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This is the key to better response times and staff safety, according to these two fire chiefs

A traffic preemption system can help clear the way for emergency response vehicles

Sponsored by Collision Control Communications

By Yoona Ha, FireRescue1 BrandFocus Staff

No one likes getting the report that response times have increased in their community. But in many cities across the country (New York is a prime example), three factors are causing fire chiefs a headache: ever-increasing population growth, more construction and rising levels of traffic congestion caused by the jump in the number of cars on the road.

Both departments have experienced reduced response times – and more importantly, the chiefs say, the peace of mind that comes with knowing their crew can always have the right of way in an intersection.
Both departments have experienced reduced response times – and more importantly, the chiefs say, the peace of mind that comes with knowing their crew can always have the right of way in an intersection. (image/ Getty)

This multifaceted challenge can seem daunting for fire service leaders, especially when lives hang in the balance. From responding to structural fires to life-threatening medical emergencies, even a minute’s delay in arrival can mean the difference between life and death.

Two Indiana fire chiefs wanted to tackle this problem in their towns head-on.

Chief Jeremy Weaver of the Ligonier Fire Department and Chief Danny Sink of the Goshen Fire Department looked for solutions that could help their teams maximize every second. Traffic preemption, a technology that can be embedded in the control systems of the traffic signals that run the most crowded intersections, would allow firefighters to give themselves green lights to cut through traffic during emergencies.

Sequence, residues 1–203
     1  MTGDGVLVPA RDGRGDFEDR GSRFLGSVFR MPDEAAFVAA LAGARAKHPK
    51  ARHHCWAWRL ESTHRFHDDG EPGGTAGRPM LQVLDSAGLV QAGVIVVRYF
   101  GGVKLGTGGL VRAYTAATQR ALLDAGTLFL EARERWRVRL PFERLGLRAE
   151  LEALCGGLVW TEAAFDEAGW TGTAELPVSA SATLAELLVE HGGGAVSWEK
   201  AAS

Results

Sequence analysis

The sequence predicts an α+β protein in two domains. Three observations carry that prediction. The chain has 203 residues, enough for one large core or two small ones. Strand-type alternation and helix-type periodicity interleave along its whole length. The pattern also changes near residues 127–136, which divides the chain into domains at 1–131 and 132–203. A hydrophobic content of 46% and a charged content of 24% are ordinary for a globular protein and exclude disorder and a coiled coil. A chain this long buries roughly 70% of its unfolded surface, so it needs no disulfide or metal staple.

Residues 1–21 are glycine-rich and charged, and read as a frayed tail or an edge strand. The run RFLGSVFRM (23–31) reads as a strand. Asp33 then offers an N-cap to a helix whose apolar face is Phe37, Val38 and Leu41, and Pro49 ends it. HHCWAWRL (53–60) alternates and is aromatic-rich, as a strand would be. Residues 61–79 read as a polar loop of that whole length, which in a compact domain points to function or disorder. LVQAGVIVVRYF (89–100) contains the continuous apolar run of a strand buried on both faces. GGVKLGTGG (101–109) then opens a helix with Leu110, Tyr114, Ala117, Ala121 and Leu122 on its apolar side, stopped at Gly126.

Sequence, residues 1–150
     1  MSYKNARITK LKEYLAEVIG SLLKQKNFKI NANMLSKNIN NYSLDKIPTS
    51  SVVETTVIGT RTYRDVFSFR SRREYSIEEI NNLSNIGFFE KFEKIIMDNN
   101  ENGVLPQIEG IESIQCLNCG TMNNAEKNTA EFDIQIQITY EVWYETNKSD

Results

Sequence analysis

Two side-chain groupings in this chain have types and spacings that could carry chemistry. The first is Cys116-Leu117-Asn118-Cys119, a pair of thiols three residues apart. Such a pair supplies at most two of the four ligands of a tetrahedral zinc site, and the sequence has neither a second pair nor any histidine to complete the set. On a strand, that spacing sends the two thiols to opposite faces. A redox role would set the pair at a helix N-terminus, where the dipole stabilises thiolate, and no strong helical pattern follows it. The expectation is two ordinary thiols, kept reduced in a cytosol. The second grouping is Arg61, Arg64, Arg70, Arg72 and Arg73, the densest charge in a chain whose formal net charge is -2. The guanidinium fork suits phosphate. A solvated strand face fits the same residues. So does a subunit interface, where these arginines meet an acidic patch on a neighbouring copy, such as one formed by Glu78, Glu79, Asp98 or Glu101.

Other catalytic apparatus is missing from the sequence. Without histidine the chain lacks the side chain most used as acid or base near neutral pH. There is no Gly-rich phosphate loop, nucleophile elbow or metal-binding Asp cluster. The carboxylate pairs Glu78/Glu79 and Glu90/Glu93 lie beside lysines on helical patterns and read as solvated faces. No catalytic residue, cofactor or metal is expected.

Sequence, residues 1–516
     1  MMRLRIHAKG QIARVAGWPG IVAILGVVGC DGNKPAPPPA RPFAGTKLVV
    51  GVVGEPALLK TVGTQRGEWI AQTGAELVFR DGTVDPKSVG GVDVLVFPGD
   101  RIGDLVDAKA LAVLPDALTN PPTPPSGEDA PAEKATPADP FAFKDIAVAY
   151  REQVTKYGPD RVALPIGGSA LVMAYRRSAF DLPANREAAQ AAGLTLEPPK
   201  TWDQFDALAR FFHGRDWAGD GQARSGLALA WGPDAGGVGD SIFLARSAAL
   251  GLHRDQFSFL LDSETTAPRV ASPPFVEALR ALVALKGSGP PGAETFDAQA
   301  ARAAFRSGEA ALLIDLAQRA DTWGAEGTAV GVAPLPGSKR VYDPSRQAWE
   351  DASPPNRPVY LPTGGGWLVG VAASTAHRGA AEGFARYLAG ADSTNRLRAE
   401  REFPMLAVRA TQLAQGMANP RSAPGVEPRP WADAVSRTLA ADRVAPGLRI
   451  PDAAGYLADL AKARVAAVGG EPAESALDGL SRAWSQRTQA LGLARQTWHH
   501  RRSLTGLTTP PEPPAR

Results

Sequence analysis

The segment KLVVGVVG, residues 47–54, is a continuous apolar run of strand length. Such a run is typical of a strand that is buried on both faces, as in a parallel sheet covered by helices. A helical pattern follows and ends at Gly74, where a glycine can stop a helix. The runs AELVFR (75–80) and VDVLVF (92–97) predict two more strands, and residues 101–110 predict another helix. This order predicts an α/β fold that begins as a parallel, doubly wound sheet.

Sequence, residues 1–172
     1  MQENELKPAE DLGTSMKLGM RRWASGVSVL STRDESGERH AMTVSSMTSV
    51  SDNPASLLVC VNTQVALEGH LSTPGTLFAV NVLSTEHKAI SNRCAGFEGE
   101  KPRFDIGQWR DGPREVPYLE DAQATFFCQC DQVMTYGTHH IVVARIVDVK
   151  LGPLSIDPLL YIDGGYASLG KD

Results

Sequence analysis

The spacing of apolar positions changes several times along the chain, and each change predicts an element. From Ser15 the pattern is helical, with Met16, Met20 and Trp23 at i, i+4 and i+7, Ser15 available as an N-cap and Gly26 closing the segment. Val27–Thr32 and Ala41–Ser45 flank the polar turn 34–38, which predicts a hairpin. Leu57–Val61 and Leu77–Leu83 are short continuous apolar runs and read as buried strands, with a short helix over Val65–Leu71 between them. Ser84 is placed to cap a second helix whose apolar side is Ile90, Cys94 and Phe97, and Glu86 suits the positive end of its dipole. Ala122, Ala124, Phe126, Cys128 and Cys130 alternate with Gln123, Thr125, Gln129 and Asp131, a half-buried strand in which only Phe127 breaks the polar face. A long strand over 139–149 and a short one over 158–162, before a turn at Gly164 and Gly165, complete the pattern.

“When we initially stumbled upon preemption technology, our first thought was that there was no way that we’d be able to afford it – we’re just a small department without a really big budget,” said Weaver, who had led the Ligonier Fire Department for over 13 years. “The thought of being able to pass through our busiest intersection quickly really puts your mind at ease, because before when we would go out to that intersection, it just made my stomach cringe.”

About 18 miles away in Goshen, Chief Sink also decided to try out the Eliminator, a traffic preemption system developed by a Purdue University engineering graduate and former firefighter.

Originally Goshen pursued preemption due to a large amount of construction through downtown on a state highway.

“What I liked about the Eliminator is that we could navigate through the re-routed traffic easily,” said Sink. “With only one route to the hospital, we felt that it was vital for our patient care and delivery to have the timely delivery of our patients to the hospital.”

By 2017, both chiefs had signed on to partner with Collision Control Communications. What made the decision easier to commit to was how the Eliminator cost only a fraction of the price of other competing systems.

An affordable, time-tested solution comes to the rescue